Ireland is changing. Ireland is changing from what used to be a nation of small, rural communities into something akin to a satellite nation of the United States and the greater anglosphere, with all the trinkets and trappings of American culture.
As part of this change, the country is now well under way to rid itself of Catholicism, a crutch of an institution that it has been holding onto for the last seven hundred years, give or take depending on who you ask.
One of the remnants of this once supreme organization that resides in our constitution to this day is Blasphemy. Present since the document’s conception, the idea is very much a hallmark of the old Free State, and greatly reflects the religious grounding in which the first independent Irish nation was formed.
It’s a staunch reminder of the history of our country, which explains why Varadkar wants rid of it so badly. It is also something that we should be very reluctant to abolish in this day and age, and as free Irish men and women, we should put great effort into defending its existence.
I can already hear all the comments filled with indignation! How dare I say that blasphemy should be defended! How dare I even utter the suggestion that the institution is of value! How dare I speak against the secularization of the state!
“Supporting blasphemy?” they’ll say, “I thought you were in favour of free speech?” I will then be accused of being a bitter Catholic who is attempting to halt the march towards a progressive civilization.
But, you see, here’s the thing. I’m not Catholic. I’m not even Christian.
When it comes to religious dogma, I do not even remotely see eye-to-eye with the Church on even its most basic of doctrines. In my view the teachings of the Church are often contradictory, and almost always farcical, right down to how it tries to frame the existence of its god, either as a monotheistic entity or a trinity.
And before anyone even suggest, no I’m not a cultural Christian either, nor someone who appeals to so-called Judeo-Christian values as many on the Right like to do these days. The whole thing is rubbish once examined in depth, and so I do not mourn the institution’s death on this island. Quite the contrary; I celebrate it.
And yet, here I am saying that we ought to defend blasphemy. How can I square that circle? Well, it’s quite easy.
Blasphemy should be kept because it is useful to us.
You see, the Catholic church being the largely ineffective body that it is, has never really used blasphemy to its advantage. The Church has, at every turn, failed to exploit its legal protection any time it could have been useful to it. The law now sits unused right when the church is being overrun by its enemies.
But could blasphemy be put to better use? Short answer: definitely. The modern Republic is a place where nihilistic socialists run rampant, campaigning for abortion, communism, and drug-filled hedonism whilst simultaneously accusing all of its opponents of being immoral.
Furthermore, they are not afraid to resort to dirty tactics in order to make their enemies sit down and shut up. With this in mind, having the weapon of blasphemy to wield against them would be most valuable.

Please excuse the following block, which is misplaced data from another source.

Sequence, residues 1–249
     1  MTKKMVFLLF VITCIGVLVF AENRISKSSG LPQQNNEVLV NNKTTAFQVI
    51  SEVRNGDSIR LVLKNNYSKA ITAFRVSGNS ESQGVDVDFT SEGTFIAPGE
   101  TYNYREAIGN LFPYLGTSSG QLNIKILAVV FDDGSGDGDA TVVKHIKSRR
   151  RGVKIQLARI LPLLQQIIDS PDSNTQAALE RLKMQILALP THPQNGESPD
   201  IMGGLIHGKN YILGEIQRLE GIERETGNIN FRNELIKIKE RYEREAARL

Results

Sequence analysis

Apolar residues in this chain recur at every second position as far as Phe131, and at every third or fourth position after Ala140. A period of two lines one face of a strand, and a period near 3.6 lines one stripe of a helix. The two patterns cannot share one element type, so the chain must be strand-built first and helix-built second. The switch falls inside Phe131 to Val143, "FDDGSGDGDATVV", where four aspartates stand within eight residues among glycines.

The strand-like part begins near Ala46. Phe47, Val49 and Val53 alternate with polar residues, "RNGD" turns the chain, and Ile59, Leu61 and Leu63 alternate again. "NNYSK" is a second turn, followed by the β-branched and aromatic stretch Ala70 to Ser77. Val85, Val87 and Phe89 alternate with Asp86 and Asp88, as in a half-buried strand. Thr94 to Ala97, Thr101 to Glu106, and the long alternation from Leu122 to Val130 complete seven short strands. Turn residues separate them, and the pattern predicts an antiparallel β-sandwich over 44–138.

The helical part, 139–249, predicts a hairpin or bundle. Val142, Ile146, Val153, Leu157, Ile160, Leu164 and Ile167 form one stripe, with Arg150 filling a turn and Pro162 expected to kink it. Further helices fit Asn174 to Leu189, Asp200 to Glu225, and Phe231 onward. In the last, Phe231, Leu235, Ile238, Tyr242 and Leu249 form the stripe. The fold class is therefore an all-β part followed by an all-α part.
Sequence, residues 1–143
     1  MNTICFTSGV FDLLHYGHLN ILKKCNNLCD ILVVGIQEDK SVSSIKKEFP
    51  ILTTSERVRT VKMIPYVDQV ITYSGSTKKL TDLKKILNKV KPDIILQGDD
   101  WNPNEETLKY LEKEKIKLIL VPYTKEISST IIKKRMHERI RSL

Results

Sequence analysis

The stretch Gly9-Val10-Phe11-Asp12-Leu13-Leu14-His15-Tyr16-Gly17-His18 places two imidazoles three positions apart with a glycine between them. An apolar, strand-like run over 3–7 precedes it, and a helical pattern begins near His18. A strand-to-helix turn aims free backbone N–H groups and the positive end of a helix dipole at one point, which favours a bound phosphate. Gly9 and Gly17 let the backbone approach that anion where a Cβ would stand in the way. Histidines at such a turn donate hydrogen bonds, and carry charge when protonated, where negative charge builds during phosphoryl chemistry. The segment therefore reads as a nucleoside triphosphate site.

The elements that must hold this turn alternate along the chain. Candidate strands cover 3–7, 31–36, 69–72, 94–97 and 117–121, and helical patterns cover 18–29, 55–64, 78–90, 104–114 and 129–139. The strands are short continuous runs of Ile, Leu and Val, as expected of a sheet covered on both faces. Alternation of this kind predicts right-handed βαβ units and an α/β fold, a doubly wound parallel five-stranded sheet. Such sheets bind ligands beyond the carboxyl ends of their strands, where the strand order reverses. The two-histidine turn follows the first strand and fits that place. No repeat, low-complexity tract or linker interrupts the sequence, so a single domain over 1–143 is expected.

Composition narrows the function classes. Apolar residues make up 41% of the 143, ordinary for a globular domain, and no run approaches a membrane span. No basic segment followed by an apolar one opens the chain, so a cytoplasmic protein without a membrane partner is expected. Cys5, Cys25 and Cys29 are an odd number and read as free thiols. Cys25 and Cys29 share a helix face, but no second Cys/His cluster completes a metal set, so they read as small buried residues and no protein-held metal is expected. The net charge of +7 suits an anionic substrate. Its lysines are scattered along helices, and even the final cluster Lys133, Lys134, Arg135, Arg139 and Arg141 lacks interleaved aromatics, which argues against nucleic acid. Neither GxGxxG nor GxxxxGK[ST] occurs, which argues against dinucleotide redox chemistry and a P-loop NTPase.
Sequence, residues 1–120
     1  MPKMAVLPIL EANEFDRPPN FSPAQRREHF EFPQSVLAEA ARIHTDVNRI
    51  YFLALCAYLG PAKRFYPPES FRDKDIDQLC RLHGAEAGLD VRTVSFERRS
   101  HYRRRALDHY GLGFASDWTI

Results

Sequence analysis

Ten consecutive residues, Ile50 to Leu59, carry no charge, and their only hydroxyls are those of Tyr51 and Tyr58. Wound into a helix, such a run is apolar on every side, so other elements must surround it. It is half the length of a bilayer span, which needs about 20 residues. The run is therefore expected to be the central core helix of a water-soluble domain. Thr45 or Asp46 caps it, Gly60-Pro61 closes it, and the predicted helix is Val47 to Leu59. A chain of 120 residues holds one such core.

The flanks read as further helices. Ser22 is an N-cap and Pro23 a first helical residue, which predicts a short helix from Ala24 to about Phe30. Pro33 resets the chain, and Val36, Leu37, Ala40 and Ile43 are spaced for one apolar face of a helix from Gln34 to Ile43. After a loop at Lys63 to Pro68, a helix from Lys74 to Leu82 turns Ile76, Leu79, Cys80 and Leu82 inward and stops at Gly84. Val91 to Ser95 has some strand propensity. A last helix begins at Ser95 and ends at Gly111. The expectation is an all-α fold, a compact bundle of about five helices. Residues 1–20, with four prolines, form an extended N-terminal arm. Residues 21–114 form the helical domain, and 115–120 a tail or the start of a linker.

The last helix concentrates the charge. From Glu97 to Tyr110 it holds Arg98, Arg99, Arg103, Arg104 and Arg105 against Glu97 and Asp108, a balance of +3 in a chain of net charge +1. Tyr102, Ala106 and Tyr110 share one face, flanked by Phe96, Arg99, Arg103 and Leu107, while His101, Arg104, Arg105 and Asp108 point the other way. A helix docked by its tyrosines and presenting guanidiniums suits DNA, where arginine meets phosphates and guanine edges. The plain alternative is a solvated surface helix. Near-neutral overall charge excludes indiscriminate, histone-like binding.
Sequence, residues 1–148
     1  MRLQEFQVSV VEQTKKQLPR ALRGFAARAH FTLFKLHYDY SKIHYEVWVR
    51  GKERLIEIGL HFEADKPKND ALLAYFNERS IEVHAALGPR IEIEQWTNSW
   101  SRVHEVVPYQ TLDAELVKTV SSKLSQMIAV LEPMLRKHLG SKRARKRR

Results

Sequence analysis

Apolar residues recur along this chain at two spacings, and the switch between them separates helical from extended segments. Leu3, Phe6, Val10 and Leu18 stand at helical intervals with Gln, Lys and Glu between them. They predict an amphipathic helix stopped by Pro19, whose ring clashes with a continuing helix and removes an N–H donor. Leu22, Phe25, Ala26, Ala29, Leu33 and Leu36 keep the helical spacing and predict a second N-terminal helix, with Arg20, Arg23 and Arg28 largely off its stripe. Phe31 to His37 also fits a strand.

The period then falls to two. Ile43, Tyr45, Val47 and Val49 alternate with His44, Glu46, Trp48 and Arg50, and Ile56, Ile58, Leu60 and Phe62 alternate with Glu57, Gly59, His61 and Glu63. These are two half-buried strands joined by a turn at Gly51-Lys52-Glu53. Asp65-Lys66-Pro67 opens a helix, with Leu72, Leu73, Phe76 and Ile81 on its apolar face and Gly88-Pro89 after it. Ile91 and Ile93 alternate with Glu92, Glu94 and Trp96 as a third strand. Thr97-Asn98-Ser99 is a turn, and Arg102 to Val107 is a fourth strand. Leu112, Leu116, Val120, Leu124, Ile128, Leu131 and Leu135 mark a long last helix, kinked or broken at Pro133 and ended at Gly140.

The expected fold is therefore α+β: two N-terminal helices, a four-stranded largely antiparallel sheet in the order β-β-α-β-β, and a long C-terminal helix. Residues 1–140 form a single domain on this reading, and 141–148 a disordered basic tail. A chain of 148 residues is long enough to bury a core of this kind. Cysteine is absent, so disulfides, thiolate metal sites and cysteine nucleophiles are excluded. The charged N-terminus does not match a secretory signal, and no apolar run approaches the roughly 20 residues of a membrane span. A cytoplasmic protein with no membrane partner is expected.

A small few at this point will, in good faith, raise the concern that keeping blasphemy will result in the immoral censorship of speech, and as such could not be morally endorsed by myself or anyone else who writes for this publication. However, this view fails to take into account that the current establishment wish to demolish any speech that rejects their views.
I’m not a fan of Varadkar, or any of the political parties in the Dáil for that matter, yet I do understand and respect that he is a rather astute man with a sharp understanding of Irish politics. Such a man would not cut off his nose to spite his face, no matter how much he hated it. So, why is he pushing for the destruction of blasphemy?
The answer lies in hate-speech legislation. Recently there has been a major push by the establishment to punish so called ‘hate-speech,’ a sort of push that rarely comes without political backing. Any hate-speech law, unlike the previous blasphemy legislation, would end up being used frequently and liberally to censor oppositionist speech and destroy Right-wing platforms, and would result in the end of free speech in this country, just as in the UK or Germany.
But, even if these laws were implemented, there would be one thing that could stop them in their tracks: blasphemy. This is because blasphemy could be used to counter any attempt to censor speech. If the government ever tried to prosecute you for your speech, you could simply say that the views you hold are that of a religion and therefore cannot be blasphemed against.
While I can’t say for certain whether the court would agree with your accusation, it would at the very least serve as a possible disincentive for progressives when constantly attacking the Right, since modern blasphemy hasn’t really been tested in Irish courts.
But there is an even more fundamental reason to vote no, and that is just to mess up the plans of the establishment. I’m reminded of the old phrase from the Simpsons “Always do the opposite of what Bart says,” however, instead of Bart, imagine the establishment.
If the establishment of this day and age are up to something, it is almost certainly something that is of no good to the Irish people. For, you see, when I said Ireland is changing, I didn’t provide the full story.
Ireland isn’t just changing. Ireland is actively being changed, and the people who are changing it have no love for the nature of the land or its people. As such, I advise you to do one thing. Love Ireland. Vote No.
Disclaimer: The views reflected in this article are those of the author and not necessarily of The Burkean